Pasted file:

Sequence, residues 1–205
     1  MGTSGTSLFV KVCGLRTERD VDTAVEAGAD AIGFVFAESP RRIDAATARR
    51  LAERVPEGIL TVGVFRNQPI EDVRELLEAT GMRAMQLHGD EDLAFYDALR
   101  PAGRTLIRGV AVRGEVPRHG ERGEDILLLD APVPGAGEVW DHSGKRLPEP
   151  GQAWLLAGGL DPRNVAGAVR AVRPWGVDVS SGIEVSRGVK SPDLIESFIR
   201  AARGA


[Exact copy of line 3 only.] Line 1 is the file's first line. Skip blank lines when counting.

    51  LAERVPEGIL TVGVFRNQPI EDVRELLEAT GMRAMQLHGD EDLAFYDALR